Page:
Starting down at the summit means looking down at a 500 feet+ drops where all I can see are the treetops and drop-offs below me. The path down is steep and skinny. No stopping for pictures here! I don’t remember how I got down in the past, but this time I know I slithered down the first few legs of the downhill on my butt. I didn’t much care if I wore out my short…they’re designed for hiking, so I figured they’d be fine. It was a little dicey but I kept reminding myself that I’ve done this same hike at least a half-dozen times…and I could do it again. And I did!
Once that first downward trail was over, the rest of the descent was fairly easy. And it dumps onto a carry road, which is mostly a bicycle path. Joseph and I walked back to the car on that easy road.
The fitbit said it was over 12,000 steps and 50+ “stairs” and it took 3.5 hours to complete, including the 15 minutes we stayed at the summit.
Once on the carry road, Joseph and I were so excited that we did it! So, once we left the park, we headed for a local pub to celebrate with a couple drinks and appetizers. Before heading back to the cottage, we stopped at the Hannaford in Bar Harbor to pick up a couple food things. While we were there, Joseph checked red box and found a movie I’ve been wanting to see for months: Big Eyes.
One last stop at Mt. Desert Ice Cream. Joseph got a maple something. I got a combo of 7 layer and salted caramel – the latter is a favorite but not as much as their ginger ice cream (which wasn’t on the menu). The ginger ice cream here is the best and most flavorful I’ve ever had anywhere!
Back to the cottage for a light dinner of leftovers, Mt. Desert Ice Cream and BIG EYES!
I waited years. Even tried to grow one….thought it wouldn’t happen. But, finally! I saw one!!
Joseph and I were in Bar Harbor at 8am so we could get to Barr Island. It’s a small island across from the village of Bar Harbor, only accessible by foot twice a day. At low tide the water recedes to unveil a wide walking path across Frenchman’s Bay allowing hikers to explore the island’s charms. It’s one of those things that has to be timed pretty tightly. Once the tide starts rolling in, it quickly covers the path and the only way back is by boat or kayak…or waiting until the next low tide. There are stories of people being marooned on the island and Mainers joke about them.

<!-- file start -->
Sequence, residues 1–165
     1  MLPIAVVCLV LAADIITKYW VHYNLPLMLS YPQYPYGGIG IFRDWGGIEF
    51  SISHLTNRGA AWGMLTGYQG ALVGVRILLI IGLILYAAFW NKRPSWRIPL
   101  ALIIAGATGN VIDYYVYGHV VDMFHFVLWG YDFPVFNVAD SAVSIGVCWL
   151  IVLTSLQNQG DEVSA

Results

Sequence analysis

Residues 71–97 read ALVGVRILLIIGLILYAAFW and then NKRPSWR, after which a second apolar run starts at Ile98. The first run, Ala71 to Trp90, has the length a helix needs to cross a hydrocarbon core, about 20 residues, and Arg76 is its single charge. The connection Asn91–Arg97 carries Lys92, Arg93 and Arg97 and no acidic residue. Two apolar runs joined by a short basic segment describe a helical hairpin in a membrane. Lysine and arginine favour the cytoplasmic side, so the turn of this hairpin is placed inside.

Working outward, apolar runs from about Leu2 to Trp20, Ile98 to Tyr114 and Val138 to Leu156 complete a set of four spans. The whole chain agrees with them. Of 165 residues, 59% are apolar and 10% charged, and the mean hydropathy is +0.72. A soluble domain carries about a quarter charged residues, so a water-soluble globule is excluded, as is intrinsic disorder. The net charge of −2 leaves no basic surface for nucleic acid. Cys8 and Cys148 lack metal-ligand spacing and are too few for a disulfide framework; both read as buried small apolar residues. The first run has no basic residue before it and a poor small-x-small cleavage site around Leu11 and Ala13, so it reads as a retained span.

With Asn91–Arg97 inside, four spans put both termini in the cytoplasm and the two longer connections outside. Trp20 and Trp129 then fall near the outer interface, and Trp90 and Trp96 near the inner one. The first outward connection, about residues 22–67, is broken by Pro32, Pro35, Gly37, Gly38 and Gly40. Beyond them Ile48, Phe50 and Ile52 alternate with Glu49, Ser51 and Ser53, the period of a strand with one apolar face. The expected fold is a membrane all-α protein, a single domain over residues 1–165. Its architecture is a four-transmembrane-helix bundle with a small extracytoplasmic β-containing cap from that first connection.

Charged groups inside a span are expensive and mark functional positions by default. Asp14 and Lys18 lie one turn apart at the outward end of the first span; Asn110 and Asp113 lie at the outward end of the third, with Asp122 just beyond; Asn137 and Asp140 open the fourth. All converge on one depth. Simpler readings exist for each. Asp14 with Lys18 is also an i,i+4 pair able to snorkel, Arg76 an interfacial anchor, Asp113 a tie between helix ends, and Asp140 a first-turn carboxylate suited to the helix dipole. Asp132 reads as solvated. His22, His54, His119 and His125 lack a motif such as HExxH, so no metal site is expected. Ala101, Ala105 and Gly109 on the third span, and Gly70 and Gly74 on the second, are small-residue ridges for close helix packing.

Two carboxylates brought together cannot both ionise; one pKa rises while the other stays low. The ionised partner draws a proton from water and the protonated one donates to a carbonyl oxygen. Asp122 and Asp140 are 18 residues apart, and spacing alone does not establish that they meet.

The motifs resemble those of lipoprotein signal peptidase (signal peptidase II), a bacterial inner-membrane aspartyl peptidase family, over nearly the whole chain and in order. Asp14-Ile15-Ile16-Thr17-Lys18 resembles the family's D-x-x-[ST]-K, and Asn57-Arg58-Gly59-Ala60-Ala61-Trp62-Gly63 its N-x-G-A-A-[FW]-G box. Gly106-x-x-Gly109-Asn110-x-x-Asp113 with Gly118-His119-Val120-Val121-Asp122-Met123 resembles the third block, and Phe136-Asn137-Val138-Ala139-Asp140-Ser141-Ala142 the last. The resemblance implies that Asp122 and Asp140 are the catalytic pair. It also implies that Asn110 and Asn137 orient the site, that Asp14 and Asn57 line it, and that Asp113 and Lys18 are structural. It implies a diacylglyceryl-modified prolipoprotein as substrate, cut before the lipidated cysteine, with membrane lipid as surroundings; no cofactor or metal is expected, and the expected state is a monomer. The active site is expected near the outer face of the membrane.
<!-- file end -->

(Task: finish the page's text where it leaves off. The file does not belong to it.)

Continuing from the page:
Joseph and I didn’t want to be one of those and we thought we’d go with a ranger. But when we got to the town slip…no ranger. So, after checking low tide charts, we decided we had plenty of time walk over and back.
It was a decent stretch of the legs and I was glad for the early morning cardio. Joseph and I walked the bar and hiked to the summit where I took some pictures of the coastal village. It was OK, but nothing to write home about, until, on the way back…there is was…
Until today, I’ve only seen pictures of them and have yearned to see their beauty up close. They bloom in late spring and are long gone by the time I get to Maine. I’ve tried to grow them at home, but it’s just not the right weather.
OK, I’ll admit it. It was only one lupine in a field of dead ones. And it wasn’t even fully bloomed. But it’s a purple one, and it stood out like a fabulous testament to persistence and resilience! I couldn’t have been more excited. I’ve waited years for this day!!
Joseph thought I was a little over-the-top, and yes, maybe I was. But this one little lupine made the frenzied early-morning scramble and the empty-stomach, no-water hike worth it. Now I’m even more excited than ever about being here some day and seeing a whole field of bloomin’ lupines!
As we walked off Barr Island and back to the mainland, I saw two fields of cairns. On the trails, they are purposeful as they provide direction. But here they were just for fun. I loved the!